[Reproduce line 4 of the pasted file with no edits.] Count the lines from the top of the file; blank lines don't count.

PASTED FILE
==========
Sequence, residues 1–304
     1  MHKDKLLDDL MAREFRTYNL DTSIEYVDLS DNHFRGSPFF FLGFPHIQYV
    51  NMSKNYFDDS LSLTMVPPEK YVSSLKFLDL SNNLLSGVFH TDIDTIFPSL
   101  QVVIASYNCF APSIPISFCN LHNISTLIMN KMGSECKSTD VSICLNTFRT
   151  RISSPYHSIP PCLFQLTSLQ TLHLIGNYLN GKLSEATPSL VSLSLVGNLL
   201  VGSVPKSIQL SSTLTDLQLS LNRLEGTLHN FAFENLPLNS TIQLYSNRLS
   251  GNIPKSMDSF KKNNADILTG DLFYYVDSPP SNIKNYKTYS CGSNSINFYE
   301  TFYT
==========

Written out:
   101  QVVIASYNCF APSIPISFCN LHNISTLIMN KMGSECKSTD VSICLNTFRT